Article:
New vectors that can be used in diverse bacterial species to express enzymes, vaccines and biotherapeutics are of great importance and Duong and colleagues (2011) emphasize this by the construction of vectors for inducible and constitutive gene expression in Lactobacillus. The authors exploited the available genome sequence, gene expression profiles and functional genomic data to construct a series of expression vectors and analyse their properties using a β-glucuronidase (GusA3) reporter system. The authors concentrated on a number of operons that were shown by microarray analysis to be differentially expressed in response to carbohydrate source; including operons implicated in the transport and catabolism of fructooligosaccharides (FOS), lactose (lac) and trehalose (tre). In-depth analysis of the inducible operons identified a number of putative promoter and repressor elements, which the authors then used to construct a series of expression vectors for use in lactobacilli. Tests using the newly constructed vectors showed that expression was highly inducible and dependent on the presence of the specific carbohydrate. These expression vectors provide alternative and useful tools for overexpression of specific proteins in lactobacilli. Furthermore, members of the same laboratory have shown the potential of these vectors for use in genetic complementation studies and also for expression of biotherapeutic proteins (Mohamadzadeh et al., 2009). Clearly, the possibilities for these vectors in the delivery of probiotics and potential use in large-scale overexpression warrants further investigation.

Using a competitive inhibition method Wu and colleagues (2011) isolated a number of soil bacteria and screened them for antimicrobial activity against Staphylococcus aureus. A consensus phylogenetic tree was constructed based on 16SrRNA gene sequences and a clone named F6 B70 belonging to the genus Paenibacilus was reserved for further characterization. Using a series of primer sets for conserved regions of PKS and NRPS the authors found that this strain has genes with low sequence identity to known PKS and NRPS, and based on this finding they hypothesized that this is an indication of the potential for the synthesis of novel secondary metabolites in the strain. After optimization of cultivation conditions they found a chemical whose molecular formula was C33H50O6, and its chemical characterization revealed it is a new triene macrolide. This study demonstrates that penibacilli are a new group of bacteria that may be promising tools for the production of novel antibiotics.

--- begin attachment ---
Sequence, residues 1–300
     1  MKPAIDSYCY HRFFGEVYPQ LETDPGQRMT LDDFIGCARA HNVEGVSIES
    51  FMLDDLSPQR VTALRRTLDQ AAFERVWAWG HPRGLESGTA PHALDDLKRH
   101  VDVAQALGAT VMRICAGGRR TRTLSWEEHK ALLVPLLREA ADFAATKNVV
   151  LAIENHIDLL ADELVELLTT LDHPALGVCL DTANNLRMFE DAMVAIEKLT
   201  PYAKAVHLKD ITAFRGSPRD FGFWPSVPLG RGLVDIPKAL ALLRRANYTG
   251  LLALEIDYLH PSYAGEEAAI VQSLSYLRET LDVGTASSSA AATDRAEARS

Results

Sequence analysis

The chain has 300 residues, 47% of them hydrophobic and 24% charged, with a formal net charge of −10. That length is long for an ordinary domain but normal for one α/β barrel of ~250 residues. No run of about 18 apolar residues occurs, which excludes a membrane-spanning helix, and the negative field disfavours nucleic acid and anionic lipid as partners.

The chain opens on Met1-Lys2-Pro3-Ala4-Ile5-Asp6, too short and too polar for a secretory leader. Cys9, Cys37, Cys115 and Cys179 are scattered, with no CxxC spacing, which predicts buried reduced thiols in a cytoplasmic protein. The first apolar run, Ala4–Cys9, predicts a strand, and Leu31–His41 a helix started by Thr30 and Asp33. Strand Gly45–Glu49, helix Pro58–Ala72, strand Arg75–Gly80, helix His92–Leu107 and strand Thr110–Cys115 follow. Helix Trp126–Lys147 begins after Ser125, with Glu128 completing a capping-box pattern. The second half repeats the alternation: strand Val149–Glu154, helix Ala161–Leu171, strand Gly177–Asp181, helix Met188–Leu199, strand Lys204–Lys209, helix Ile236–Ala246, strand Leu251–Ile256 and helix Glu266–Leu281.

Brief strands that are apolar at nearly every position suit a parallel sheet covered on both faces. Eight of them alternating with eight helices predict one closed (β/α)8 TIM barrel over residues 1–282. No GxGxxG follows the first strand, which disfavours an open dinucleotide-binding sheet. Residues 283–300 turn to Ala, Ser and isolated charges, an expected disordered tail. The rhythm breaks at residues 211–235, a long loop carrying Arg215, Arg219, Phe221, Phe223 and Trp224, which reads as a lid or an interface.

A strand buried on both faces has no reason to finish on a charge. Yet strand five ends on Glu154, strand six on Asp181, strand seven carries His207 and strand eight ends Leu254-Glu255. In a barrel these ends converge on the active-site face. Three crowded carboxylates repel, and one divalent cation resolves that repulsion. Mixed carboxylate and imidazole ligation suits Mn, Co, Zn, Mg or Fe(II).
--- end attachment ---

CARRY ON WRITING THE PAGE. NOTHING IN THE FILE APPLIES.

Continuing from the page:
Fusarium oxysporum (Fox) is a pathogen of agricultural and ornamental crops, and phytopathogenic strains are responsible for yield loss of many important crops worldwide (Cai et al., 2003). For example, wilt of tomato caused by F. oxysporum f.sp. lycopersici (Fol) and foot and root rot of tomato caused by F. oxysporum f.sp. radicis-lycopersici (Forl) have been reported in at least 32 countries (Jones et al., 2011). Besides yield decreases, many Fusarium sp. strains produce toxins that can accumulate in the end products and therefore may become dangerous for human and animal health (Pitt, 2000).

Monitoring of plant pathogens is crucial for disease management. Early detection, identification and quantification of the infestation level can help to choose appropriate defence measures. To approach this Validov and colleagues (2011) have developed a highly sensitive qPCR reaction for the detection of Fox DNA. The assay is based on the fact that the ribosomal operon is present in 200 copies per haploid Fox genome, which offers an excellent target for the qPCR reaction. The intergenic space between the 18S and 28S rRNA genes of the ribosomal operon is the specific target. The authors showed that it is possible to detect 20 fg of DNA from the three different Fox strains in 1 ng of tomato plant DNA. This provides exciting prospects for the future surveillance and control of these agriculturally important plant pathogens.